​“I’m always reading situations and reading people. I think police officers are naturally very conscious of the people and situation around them because they have to be when they’re on the front line. And you carry that awareness with you when you’re out and about. It’s even just being attuned to someone not being the same as they normally are. What's happening? Why are they behaving that way? Are they ok? And then I’m trying to pick up if someone needs to talk. Or maybe they just need someone to say “how are you going? Do you want to have a cup of tea?” That kind of awareness is hard to separate from, I take it home with me. To be a good police officer, you have to have a certain level of compassion and empathy. I think you have to have good communication skills. And by that, I don’t mean being able to talk, as some people think of it. Communicating to me is firstly about being able to listen. Listen to people because everybody has a perspective and if you can’t do that then you’re not doing justice.”

Deputy Commissioner Linda Williams

​"I have this habit that's come from my past life. I rarely switch off. And, when I say past life, I mean pre-SAPOL. I grew up in America, living and working across the US, and later, the world -- Hong Kong, Tokyo, India, Pakistan, Bangladesh and Afghanistan. I've done a few high-profile jobs, and I've worked for multi-national companies like Nike and Mattel. By 23, I was Vice President of a large media company. Then, it just so happened that my life moved to Australia. By that point, I got fed up with the corporate life. I'd spent so much time helping big organisations to make more money. People sometimes ask me, 'Why would you leave a high paying job like that to join SAPOL?' My response? Well, it was kind of a dream. I joined when I was 42! I feel very proud of my current role in the Child and Family Violence Section. I can see the effect my hard work has, in terms of making a positive change to someone's life. I go home satisfied each day, having done something valuable at work. Coming home knowing that I have made a difference is a good feeling. Whether it's big or small doesn't matter. So, in a way, it was after my 40's I started fulfilling my dreams. If I can inspire just one person with the things I've done and the difference I've made – I'd say I've achieved quite a lot"

Ashwin Menon, Eastern District Child and Family Investigation Section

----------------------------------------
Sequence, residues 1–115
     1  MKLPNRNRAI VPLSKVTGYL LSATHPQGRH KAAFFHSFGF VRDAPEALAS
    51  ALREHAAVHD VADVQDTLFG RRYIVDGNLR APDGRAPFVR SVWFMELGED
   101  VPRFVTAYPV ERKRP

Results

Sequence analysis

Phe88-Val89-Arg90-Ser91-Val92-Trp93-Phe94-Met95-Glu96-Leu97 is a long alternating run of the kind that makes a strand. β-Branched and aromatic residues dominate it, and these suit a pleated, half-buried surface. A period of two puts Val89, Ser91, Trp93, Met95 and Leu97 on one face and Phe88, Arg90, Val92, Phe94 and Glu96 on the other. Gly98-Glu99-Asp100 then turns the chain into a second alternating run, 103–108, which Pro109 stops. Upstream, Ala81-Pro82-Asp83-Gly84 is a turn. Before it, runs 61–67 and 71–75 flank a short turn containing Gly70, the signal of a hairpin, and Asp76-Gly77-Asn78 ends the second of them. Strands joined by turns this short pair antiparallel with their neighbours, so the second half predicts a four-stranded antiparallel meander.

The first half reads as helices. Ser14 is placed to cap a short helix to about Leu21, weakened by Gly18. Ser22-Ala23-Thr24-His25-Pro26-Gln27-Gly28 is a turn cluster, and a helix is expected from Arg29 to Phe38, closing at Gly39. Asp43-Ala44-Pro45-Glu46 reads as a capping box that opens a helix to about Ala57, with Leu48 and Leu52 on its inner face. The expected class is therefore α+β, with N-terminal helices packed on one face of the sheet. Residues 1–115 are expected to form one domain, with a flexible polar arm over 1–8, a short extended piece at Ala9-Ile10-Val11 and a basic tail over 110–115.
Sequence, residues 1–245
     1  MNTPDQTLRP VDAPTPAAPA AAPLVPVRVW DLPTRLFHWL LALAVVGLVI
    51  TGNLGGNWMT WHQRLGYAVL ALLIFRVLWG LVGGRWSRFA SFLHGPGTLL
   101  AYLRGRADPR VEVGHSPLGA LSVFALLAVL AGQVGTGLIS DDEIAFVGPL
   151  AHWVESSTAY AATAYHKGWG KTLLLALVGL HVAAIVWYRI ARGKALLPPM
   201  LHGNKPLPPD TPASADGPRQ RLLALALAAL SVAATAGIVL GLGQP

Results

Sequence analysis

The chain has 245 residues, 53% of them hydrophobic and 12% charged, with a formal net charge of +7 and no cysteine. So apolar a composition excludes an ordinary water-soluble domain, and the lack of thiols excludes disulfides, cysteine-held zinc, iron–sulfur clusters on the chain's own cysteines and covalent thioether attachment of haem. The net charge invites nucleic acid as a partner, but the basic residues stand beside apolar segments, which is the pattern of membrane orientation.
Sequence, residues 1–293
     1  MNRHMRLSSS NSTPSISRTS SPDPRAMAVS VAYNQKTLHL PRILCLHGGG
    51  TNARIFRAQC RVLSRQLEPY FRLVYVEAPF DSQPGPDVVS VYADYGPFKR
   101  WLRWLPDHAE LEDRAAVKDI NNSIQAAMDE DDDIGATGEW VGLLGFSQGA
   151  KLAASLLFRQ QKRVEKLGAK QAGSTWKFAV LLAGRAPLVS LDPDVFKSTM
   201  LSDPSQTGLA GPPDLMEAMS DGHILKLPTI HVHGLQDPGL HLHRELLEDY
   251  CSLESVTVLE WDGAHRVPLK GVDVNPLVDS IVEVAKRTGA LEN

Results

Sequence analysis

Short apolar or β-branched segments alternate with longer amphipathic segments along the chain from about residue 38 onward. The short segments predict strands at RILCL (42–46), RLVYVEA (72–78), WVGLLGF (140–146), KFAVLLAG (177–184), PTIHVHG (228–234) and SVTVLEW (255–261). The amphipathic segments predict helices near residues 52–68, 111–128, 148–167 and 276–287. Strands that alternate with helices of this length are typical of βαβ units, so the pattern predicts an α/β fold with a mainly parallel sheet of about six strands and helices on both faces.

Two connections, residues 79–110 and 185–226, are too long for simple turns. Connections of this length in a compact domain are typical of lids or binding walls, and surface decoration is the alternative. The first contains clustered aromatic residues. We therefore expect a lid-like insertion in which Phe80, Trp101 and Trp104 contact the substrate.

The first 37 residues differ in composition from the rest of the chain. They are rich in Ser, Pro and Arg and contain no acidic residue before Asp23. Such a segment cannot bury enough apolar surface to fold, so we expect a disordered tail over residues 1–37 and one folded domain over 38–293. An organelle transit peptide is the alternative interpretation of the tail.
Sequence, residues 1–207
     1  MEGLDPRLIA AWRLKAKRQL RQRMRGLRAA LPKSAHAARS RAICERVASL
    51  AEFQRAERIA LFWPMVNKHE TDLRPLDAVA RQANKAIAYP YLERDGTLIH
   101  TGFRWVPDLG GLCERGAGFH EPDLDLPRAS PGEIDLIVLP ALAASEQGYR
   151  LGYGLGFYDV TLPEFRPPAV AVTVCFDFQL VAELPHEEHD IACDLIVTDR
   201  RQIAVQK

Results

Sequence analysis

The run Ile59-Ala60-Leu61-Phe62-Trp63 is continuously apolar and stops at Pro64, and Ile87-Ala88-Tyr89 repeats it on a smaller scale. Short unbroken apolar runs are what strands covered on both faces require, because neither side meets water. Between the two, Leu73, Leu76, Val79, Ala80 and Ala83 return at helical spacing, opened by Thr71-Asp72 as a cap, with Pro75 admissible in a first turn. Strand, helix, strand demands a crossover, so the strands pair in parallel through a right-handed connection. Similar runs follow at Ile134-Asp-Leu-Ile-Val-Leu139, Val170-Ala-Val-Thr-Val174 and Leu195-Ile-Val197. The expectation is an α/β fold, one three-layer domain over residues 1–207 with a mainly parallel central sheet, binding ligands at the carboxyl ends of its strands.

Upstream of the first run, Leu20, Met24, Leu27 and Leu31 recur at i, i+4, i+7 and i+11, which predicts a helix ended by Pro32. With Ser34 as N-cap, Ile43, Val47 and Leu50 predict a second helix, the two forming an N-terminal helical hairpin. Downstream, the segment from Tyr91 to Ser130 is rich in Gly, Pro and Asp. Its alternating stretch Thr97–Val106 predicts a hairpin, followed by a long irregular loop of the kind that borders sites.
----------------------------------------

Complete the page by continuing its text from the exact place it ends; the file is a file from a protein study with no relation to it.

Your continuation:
"Someone once said to me that police officers see what no soul should ever see. You know, I've done 25 years operational and I learned very early on not to suppress your feelings. One of the toughest things is connecting with a person in crisis in the short interaction you have with them while remaining task focused to help them. I've always been quite a strong personality to stand up for, you know, people that maybe can't stand up for themselves. But to connect with people, you don't have to be strong. I think most people, in crisis or not, just want to connect with someone to be heard. My greatest struggle, though, would probably be not getting enough sleep. Being too busy. Working full time and balancing that with my other passions. I'm a coach for the AFLW Crows team. That's a big passion of mine. For 20 years of my life, I've been fighting and scrapping to get women to play the AFL. Well, why can't women play any sport? I'm proud of being a strong female role model. Seeing 53,000 people in the stands for the 2019 AFLW final was very special. The fact that we won was a nice little bonus.  Another passion is bird watching. Yes, ornithology is a massive thing in my life. I think everyone is an ornithologist deep down but they're all hiding it. Because, apparently, it's "nerdy". I don't think it's nerdy at all. Recently, I've also discovered that I really love Fortnight. So, I go from being a super "nerdy" birdwatcher to my super cool love my Fortnite. I'm a little obsessed with it actually."

Senior Sergeant Narelle Smith

​“Growing up, my big bother Gavin was a bit of a father figure and mentor for me and my younger brothers. He joined SAPOL when I was still a lad in high school. He’d come home and tell us all these exciting stories. His life seemed like this big adventure. That’s what got me wanting to join. I was looking up to him and thinking “I want to be like him”. Of course, he didn’t come home and tell me about all the paperwork you have to do. He’s recently been accepted into the applicant course for motorcycle policing. I’ve always said wanted to do motorcycle policing. But when Gavin joined, he wanted to go to mounted because he was a farrier before he joined. Now we joke about how if he gets into motorcycle policing, then we’ve managed to snag each other's dream job. So, I thought I’d be in job riding motorcycles but instead I’m riding a Police Horse called Yakka. I’ve been training Yakka for a while and we’ve formed a pretty solid bond. Yeah, I’ve got a soft spot for him.”

Senior Constable Trevor Hood

​“How do you ever know if you’re getting it right? I constantly strive for the right balance. I want to be a good police officer, a good manager, a good Mum, a good friend, daughter, and granddaughter. I have seven kids in my care and it’s a constant juggling act - I’m never going to keep all of the balls in the air at once. But, when one drops, my kids know it’s usually because I’m helping to keep other children and their families safe. Establishing the Family Violence Investigation Section in regional SA was one of my proudest moments. With determination and resilience, you can make anything work. Fostering is one of the most rewarding experiences you can imagine. I’ve never had any trouble negotiating flexibility so I can succeed at work and still give my best at home. I do have to take time to breathe sometimes. Tim Tams help! And the best advice I’ve ever had is, “Don’t sweat the small stuff.”

Inspector Christie Matthews